Friday, June 29, 2018

Antique Dolls

This last article in the doll series of posts is a quick primer on antique dolls.  Most of the dolls that little American girls played with in the late 19th century and early 20th century were made in France and Germany.  The first dolls from these countries had china and bisque heads and cloth bodies. (even though china and bisque are both porcelain, collectors call shiny, glazed dolls china and the unglazed porcelain dolls are called bisque.  Porcelain usually refers to contemporary dolls.)
China Doll

China Doll

Bisque Doll

German Bisque Doll

These dolls had pretty faces but the cloth bodies were not very realistic.  In the early 1850's, doll makers in Sonneberg, Germany mixed glue and sawdust to form moldable, paintable dolls.  They called this new concoction "composition".  The first composition dolls typically had a cloth torso and upper limbs with composition heads, hands and feet.  Eventually, entire dolls were made of composition resulting in much more realistic forms.  Soon, doll makers all used composition; it was inexpensive, easy to work with and it was more durable than bisque, which cracked easily.  Composition dolls survive today and can be easily identified by their crazing.  In the 1940's, composition gave way to plastic.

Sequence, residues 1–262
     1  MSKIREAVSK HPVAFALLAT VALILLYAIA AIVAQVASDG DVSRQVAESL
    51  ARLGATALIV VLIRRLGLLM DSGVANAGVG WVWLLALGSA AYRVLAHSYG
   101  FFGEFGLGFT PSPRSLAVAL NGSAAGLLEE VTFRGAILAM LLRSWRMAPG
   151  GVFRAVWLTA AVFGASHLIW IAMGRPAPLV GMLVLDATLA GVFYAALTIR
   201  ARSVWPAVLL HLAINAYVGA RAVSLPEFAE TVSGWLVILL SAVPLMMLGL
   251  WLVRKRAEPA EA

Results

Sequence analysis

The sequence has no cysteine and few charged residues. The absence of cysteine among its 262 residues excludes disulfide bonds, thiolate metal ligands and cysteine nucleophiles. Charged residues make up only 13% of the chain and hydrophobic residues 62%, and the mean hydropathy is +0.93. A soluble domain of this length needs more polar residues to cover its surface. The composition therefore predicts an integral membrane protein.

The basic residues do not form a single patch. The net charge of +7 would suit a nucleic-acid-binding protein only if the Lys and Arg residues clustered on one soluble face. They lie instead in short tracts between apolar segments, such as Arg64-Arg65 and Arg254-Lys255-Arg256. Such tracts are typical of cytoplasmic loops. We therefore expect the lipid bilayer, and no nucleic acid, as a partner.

Composition Doll

To help you identify genuine antique dolls, here are some of the marks you may see on these dolls. This page is a great resource for researching marks: Identifying Antique Doll Marks 

We also have a Pinterest board for antique dolls.  There are some pins with links to articles if you're interested.

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